Carbon Removal Certification Main Contents

First, the EU established 'QU.ALITY', a carbon removal measurement, monitoring, and verification certification system to provide transparency in carbon removal measurement. Each certification standard is as follows.

  – Quantification: Quantifying the scale of carbon removal

  – Additionality: Requires innovation beyond existing practices and laws

  – Long-term storage: Carbon storage period certification

  – Sustainability: Evaluation of contribution to sustainability goals, etc.

In addition, standards for carbon removal activity classification were established and the carbon storage function of building materials was added in addition to existing carbon sinks such as soil and forests. Negative emissions will be recognized only for carbon removal by certified carbon sinks, such as permanent carbon removal, carbon agriculture, and carbon storage through sustainable products.

  ① Permanent carbon removal: Utilization of BECCS (bioenergy carbon capture and storage) or DACCS (direct carbon capture and storage from the air) technology*

  ② Carbon agriculture: Increasing the role of agriculture and forestry to store carbon in soil or forests

  ③ Carbon storage of sustainable products and materials: Recognition of the carbon storage ability of wood-based and energy-efficient building materials

    Note*: The EU Commission views carbon storage (CCS) and utilization (CCU) as a technology to reduce carbon emissions, separate from 'removing' carbon from the atmosphere, and is not included in the Commission's draft.

As carbon removal technology is in its infancy, the EU is paying attention to the role of easier and cheaper carbon agriculture and a natural carbon sink. Soil and forests, which are currently the most common carbon removal methods, are representative natural carbon sinks, and the carbon removed from the atmosphere by plants is stored in topsoil, making the soil fertile. About 27 billion tons of carbon is stored in the soil of the EU-750 countries, which is estimated to be more than the annual greenhouse gas emissions of the EU-27 countries of 44 billion tons.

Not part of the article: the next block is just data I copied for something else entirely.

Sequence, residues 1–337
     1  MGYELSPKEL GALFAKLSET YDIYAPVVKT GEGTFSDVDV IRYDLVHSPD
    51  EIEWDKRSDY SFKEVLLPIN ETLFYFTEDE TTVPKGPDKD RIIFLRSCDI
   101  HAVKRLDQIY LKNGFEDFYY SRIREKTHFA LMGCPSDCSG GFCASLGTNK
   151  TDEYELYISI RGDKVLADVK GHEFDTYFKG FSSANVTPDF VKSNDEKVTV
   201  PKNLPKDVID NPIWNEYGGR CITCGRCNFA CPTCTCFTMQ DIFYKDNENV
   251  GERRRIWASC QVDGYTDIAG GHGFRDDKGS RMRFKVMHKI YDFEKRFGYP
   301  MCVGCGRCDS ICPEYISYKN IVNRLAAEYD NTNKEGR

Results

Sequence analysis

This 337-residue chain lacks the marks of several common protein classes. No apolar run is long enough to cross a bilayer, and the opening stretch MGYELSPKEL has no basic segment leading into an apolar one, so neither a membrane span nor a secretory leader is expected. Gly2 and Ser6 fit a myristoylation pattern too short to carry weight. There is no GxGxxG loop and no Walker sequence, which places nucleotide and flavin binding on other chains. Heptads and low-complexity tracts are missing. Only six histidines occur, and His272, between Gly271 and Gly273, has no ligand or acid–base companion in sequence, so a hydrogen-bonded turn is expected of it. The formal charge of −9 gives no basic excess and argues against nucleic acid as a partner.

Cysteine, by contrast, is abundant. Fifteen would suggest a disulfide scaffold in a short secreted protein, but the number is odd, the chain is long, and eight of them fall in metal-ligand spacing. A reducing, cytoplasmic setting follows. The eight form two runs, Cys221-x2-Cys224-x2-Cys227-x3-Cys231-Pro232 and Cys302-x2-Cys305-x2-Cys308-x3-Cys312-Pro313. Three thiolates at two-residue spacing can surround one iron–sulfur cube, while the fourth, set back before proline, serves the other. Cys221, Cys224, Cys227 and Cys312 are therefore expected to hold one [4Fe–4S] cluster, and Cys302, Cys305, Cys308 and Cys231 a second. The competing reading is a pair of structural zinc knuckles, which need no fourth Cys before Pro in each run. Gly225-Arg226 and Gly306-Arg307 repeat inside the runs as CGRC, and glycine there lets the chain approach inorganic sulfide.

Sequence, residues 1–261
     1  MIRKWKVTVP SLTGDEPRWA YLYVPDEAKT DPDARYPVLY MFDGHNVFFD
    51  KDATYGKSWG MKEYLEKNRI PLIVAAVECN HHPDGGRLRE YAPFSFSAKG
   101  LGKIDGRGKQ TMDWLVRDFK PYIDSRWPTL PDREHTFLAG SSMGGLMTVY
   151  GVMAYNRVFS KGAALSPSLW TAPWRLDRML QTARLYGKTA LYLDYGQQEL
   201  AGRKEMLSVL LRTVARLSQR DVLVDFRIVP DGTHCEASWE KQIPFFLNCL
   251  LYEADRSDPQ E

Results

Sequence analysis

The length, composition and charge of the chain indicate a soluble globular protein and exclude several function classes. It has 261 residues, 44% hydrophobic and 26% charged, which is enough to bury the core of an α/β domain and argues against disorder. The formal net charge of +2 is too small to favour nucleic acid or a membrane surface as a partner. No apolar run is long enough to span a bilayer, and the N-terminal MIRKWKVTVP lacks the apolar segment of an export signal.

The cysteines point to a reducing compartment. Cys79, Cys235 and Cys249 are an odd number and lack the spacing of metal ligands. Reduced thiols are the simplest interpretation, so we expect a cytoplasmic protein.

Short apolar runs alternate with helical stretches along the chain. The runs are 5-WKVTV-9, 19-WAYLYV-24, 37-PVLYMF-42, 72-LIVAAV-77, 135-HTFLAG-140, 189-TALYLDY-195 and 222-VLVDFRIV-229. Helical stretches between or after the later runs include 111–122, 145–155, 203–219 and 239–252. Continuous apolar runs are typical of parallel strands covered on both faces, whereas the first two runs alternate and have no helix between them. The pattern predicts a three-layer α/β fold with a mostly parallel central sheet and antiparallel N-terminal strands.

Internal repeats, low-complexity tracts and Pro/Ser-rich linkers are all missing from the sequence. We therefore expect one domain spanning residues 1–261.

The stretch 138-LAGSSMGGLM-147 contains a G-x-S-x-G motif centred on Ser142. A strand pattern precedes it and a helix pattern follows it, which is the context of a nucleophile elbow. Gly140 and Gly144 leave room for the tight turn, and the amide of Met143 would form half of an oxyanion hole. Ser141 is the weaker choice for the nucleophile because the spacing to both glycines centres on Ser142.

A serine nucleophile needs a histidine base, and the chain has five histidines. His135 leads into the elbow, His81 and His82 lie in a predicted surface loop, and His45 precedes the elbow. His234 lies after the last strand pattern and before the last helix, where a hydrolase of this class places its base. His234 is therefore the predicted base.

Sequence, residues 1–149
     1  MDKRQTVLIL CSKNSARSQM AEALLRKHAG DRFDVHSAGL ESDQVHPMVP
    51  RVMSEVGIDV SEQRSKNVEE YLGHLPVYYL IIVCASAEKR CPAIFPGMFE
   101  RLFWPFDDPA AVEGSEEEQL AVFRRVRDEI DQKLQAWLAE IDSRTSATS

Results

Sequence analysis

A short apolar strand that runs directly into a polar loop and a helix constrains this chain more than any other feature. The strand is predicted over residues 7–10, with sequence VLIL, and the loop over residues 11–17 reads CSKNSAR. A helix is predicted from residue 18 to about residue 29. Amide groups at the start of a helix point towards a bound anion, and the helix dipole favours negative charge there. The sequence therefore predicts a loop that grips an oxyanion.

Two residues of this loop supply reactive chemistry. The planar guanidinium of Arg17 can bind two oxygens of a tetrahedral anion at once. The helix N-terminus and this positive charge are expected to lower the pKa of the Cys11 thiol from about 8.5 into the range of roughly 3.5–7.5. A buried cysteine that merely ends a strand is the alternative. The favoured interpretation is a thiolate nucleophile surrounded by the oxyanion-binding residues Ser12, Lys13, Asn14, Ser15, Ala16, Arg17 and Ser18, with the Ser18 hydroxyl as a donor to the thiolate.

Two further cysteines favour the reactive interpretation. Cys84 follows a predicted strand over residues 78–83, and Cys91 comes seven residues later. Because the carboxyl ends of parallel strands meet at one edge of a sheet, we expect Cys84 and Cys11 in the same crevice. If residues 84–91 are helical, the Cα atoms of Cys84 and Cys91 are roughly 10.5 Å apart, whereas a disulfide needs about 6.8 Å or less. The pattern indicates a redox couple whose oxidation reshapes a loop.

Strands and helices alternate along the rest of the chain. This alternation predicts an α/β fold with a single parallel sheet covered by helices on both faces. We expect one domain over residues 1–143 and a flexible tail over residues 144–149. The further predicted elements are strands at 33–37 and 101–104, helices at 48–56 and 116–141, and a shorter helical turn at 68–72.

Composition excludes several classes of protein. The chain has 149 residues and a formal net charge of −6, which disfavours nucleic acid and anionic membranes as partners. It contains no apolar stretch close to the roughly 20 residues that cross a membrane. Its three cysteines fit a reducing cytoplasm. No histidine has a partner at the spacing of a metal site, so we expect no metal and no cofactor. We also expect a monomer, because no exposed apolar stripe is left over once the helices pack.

EU carbon removal certification is not mandatory and is voluntary. An independent certification body will conduct an audit to ensure that carbon removal complies with the QU.ALITY standards and related certification methodologies, and issue a certificate after confirming compliance with the quality standards.

[Source: Energypost]

Additionally, the Commission mentioned in the draft the possibility of supporting innovative carbon removal activities through public funds. We plan to prioritize carbon removal activities that help preserve biodiversity through the Common Agricultural Policy (CAP), national support plan, or Innovation Fund. It is expected that carbon removal certification will reward the efforts of agricultural and forestry workers and companies to respond to climate change, thereby promoting investment attraction for the development of carbon removal technology.

The bill will enter the agreement process between legislative bodies as the European Parliament and Council adopt its position in November 2023. Once the regulations are officially adopted and enter into force, the Commission plans to adopt as delegated legislation the carbon removal certification method and procedures developed with the support of the expert group.